As a fruit of the Spirit is gentleness. Gentleness is an attribute of God (2 Sam. 22:36), a characteristic of Christ (Matt. 11:29; 2 Cor. 10:1, a mark of spiritual maturity (Gal. 6:1), a fruit of biblical wisdom, in contrast to worldly wisdom (James 3:17), and a necessity for church leaders (1 Tim. 6:11; 2 Tim. 2:24-26).
Gentleness is the Christlike quality of meekness, which flows from the strength of humility, especially when under affliction.
Therefore, the apostle Peter’s call to gentleness is a significant consideration.
…but in your hearts honor Christ the Lord as holy, always being prepared to make a defense to anyone who asks you for a reason for the hope that is in you; yet do it with gentleness and respect1 Peter 3:15
The context of 1 Peter is suffering, to which none of us is immune. The Christians who first received this letter lived under the reign of the Emperor Nero who ruled Rome from A.D. 54 to 68. Nero was a ruthless ruler, caring only about his own rise to power. After a fire destroyed much of Rome in A.D. 64, Nero built a glorious palace in the center of the city. As a result, rumors began to circulate that he was responsible for the fire. However, Nero blamed the Christians and began to persecute them. Christians were executed at his command and thus he was personally responsible for this time of great persecution upon the early church. This was the climate of the day for the believers who received Peter’s letter of hope, challenge, and encouragement.
The purpose of First Peter is to give believers hope in the midst of their suffering.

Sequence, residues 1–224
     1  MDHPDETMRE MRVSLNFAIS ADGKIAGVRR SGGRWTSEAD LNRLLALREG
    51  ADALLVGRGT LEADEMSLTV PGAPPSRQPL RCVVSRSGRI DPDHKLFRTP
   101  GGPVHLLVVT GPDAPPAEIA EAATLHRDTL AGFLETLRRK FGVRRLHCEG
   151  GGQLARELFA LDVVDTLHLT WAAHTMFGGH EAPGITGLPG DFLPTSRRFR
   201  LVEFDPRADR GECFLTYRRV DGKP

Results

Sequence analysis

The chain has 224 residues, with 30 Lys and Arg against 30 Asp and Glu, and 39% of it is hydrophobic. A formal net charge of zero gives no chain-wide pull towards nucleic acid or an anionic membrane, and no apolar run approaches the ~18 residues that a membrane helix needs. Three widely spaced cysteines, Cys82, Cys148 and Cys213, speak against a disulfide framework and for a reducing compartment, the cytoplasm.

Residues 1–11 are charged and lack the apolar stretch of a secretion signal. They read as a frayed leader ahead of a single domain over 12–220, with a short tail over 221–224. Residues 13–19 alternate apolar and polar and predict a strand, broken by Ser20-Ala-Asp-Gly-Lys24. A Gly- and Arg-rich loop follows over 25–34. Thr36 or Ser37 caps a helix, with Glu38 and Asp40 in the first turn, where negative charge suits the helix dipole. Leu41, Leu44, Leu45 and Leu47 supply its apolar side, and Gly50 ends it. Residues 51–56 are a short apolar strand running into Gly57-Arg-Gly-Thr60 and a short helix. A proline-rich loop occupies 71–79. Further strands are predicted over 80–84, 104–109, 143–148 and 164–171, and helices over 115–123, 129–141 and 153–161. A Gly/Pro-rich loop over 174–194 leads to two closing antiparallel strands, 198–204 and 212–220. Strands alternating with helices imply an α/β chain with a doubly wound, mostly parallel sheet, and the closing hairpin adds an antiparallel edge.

In order to successfully endure suffering, believers must be spiritually prepared. By walking in submission to the Lord they could victoriously live out Christlike character.
Four Ongoing Actions
First Peter 3:8-17 calls us to put on the humility of Christ, which produces righteous living in this evil world, and equips us to suffer in a spirit of gentleness. Here we observe four ongoing actions that will help us to bear this fruit of gentleness.
- Ready yourself with the strength of the humility of Christ (vv. 8-12).
- Rest in the security that is yours in Christ (v. 13-14).
- Reverence Christ as Lord over your suffering (vv. 15-16).
- Realize the superiority of God’s will (v. 17).
Gentleness is the Christlike quality of meekness, which flows from the strength of humility, especially when under affliction. By growing in gentleness, we grow in Christlikeness. Remember, there is only one time in the Four Gospels where Jesus describes himself personally, I am gentle and lowly in heart.
May others say the same about us!